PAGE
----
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Podiatric Health Education

Discussion in 'General Issues and Discussion Forum' started by greatwhite, Feb 12, 2008.

  1. greatwhite

    greatwhite Active Member


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    Hi, I'm wondering if anyone can help me. I am currently required to offer 'health education' talks to patients deemed as low/no risk within the NHS. I don't neccessarily believe these are the best method of educating the public (I'd prefer a 1 on 1 consultation), however I am required to offer said talks as part of a service agreement.

    Anyway, this is a long way about of me asking if anyone has any experience of conducting such a talk or if anyone has any links to resources/presentations or advice that may be of use.

    Thanks
     
  2. Ella Hurrell

    Ella Hurrell Active Member

    Re: Podiatric Health Ed

    By 'Health Education', do you mean basic self-help foot care? If so, The Society produce lots of booklets that are free to download (see http://www.feetforlife.org/foot_health/free_leaflets.html). Age concern produce a number of leaflets for free that are useful to distribute. They have one (or they certianly did until recently, called "Fitter Feet" which had some good tips. Hope that gives you somewhere to start.

    Ella
     
  3. Admin2

    Admin2 Administrator Staff Member

  4. W J Liggins

    W J Liggins Well-Known Member

    You might like to look at the Institute of Chiropodists and Podiatrists web site where you will find a number of leaflets under 'publications' which offer advice at a lay persons level and might be of use.

    All the best

    Bill Liggins
     
  5. Cameron

    Cameron Well-Known Member

    greatwhite

    >Hi, I'm wondering if anyone can help me. I am currently required to offer 'health education' talks to patients deemed as low/no risk within the NHS. I don't neccessarily believe these are the best method of educating the public (I'd prefer a 1 on 1 consultation), however I am required to offer said talks as part of a service agreement.

    Yonks ago I got stuck into this and published a paper somewhere - The Chiropodist , I think, sometime in the 80s. I compared one to one consultations with group work and came up with the same conclusion about effectiveness (long term memory).

    Your colleagues have cited good reference material and there are oodles more on the net. Diabetes sites are especiallly thorough and more or less all are saying the same thing. Whether you are at risk or not matters not a jot (in my opinion) but working with so called 'minimum risk groups' is great experience and prepares you well to deal with others who are less fortunate.

    Having gone through the full gambet of preaching and entertaining (that was how I got started with my interest in the history of shoes), I would say I believe mini workshops are by far the most meaningful way to engage the audience. I attended a workshop held by a chap here in Australia (Justin Warnick) who devised foothealth workshop programs for Aboriginal and Torres Straight Islanders (SARRAH PROJECT http://www.sarrah.org.au/site/index.cfm) and have found his model to be extremely effective across the board. Have a swizz at the Indigenous Diabtetic Foot Program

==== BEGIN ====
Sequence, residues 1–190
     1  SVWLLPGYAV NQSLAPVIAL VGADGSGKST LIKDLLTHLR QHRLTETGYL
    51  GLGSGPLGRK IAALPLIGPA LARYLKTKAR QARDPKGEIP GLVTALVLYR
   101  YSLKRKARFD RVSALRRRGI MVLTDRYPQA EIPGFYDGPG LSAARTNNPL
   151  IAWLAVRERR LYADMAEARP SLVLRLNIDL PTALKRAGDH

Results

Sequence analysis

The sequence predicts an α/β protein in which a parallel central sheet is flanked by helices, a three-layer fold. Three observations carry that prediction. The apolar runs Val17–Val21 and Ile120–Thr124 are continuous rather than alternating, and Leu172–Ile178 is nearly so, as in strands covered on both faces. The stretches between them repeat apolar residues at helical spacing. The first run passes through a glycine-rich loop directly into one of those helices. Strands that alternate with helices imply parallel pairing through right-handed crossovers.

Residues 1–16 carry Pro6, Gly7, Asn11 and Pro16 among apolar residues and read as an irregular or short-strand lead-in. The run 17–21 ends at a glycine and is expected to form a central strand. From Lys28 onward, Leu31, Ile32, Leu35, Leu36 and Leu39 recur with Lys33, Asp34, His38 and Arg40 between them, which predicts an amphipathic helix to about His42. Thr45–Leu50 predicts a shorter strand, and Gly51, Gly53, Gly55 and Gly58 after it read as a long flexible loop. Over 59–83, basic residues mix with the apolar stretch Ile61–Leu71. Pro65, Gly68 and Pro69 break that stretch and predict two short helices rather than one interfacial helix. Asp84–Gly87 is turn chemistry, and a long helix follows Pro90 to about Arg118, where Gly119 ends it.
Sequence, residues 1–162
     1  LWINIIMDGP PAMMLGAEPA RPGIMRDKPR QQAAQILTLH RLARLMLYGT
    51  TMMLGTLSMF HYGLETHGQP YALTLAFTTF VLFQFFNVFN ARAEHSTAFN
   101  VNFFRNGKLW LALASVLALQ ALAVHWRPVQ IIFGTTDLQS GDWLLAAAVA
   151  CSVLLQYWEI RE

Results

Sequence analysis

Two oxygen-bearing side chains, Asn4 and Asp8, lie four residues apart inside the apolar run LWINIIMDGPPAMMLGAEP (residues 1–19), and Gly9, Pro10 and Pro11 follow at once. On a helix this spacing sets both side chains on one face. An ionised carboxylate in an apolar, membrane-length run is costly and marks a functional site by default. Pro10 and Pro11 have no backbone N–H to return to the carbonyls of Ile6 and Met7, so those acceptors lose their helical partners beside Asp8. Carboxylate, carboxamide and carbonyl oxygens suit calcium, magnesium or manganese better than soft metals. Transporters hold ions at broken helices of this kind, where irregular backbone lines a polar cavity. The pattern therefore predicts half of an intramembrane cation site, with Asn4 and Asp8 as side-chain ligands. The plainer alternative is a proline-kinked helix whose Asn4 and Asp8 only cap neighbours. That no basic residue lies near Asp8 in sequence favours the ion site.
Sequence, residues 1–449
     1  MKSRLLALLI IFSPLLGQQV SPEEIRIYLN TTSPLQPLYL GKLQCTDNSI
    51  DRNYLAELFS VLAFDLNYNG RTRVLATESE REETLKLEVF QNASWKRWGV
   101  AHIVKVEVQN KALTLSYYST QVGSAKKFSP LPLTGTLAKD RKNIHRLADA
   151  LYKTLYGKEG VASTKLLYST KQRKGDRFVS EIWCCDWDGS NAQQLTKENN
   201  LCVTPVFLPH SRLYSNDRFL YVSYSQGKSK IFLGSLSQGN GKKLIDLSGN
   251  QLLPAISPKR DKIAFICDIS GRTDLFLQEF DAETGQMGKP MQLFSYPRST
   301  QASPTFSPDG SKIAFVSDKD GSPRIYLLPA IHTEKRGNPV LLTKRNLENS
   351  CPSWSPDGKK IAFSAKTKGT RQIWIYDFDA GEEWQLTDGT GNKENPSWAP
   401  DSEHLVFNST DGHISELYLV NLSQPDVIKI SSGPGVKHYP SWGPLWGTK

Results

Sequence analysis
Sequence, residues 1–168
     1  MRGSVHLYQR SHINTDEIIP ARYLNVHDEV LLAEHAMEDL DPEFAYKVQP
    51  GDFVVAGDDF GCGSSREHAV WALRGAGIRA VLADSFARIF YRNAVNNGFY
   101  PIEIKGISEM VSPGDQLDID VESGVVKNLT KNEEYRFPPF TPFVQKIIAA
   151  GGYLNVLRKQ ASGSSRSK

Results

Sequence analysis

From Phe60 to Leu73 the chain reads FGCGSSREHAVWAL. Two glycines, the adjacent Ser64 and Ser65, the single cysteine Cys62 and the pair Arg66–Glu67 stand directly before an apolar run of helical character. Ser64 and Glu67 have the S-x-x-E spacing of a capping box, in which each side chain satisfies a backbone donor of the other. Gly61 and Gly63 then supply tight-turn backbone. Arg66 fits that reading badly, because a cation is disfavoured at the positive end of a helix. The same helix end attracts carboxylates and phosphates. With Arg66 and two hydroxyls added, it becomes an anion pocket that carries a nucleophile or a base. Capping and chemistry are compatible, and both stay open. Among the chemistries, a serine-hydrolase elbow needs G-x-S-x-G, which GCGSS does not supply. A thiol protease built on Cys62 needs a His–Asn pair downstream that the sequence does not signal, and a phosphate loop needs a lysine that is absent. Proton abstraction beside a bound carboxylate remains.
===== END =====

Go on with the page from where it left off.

http://www.sarrah.org.au/site/index.cfm?display=65940

    Justin has spent a long time researching cheap household items which are both novel and useful in self examination and foot hygiene. He also has a collection of giveaways which includes a plastic bucket (for foot washing) and it is amazing how the audience warm to this.

    In summary workshops involve an evidence based approach:
    how to wash the feet (an inspect them for problems) -
    plastic bucket, water supply, compementary soap, lava stone or plastic pot scourer, drying cloth, inspection mirror (car), compelmentary cream.

    how best to care for the nails and skin.
    sample nippers and rasps etc for 'do's and don'ts.'

    simple testing for peripheral neuropathy
    monofilaments

    simple testing circulation
    hand held ultrasound

    what to do when the situation presents
    handouts including access addresses etc

    sharing stories about sore feet.
    Pictorial Images to aid discussion

    Plenty opportunity for audience participation and each component is supported by appropriate health information.

    These are always fun sessions and appear to be popular with groups who at the very minimum go away entertained.

    What ever you decide upon if you are not that experienced with public presentations it is always a good idea to make a simple lesson plan.

    Time allocation
    What the goup will achieve
    How you as facilitator will achieve this
    The resources you need

    Belive me , you will learn so much from the experience and whilst not at the forefront of clinical podiatry, the value to you as a clinician is beyond measure.

    enjoy
    toeslayer
     
  6. greatwhite

    greatwhite Active Member

    Thankyou all for the advice, particularly toeslayer. I will hopefully be providing sessions in a 'workshop' format. They won't/don't make up the bulk of my clinical time but the experience should be good, and hopefully of benefit to the patients. A lesson plan will be a definite for myself though until I get the hang of it.
     
  7. Elaine

    Elaine Member

    Just a quick correction.

    All credit must go to Jason Warnock in Townsville, Far North Queensland for the Indigenous Diabetic Foot Program you mention.

    Elaine
     
  8. Cameron

    Cameron Well-Known Member

    my apologies to Jason.

    toeslayer
    forget my head, if it was not stuck on.
     
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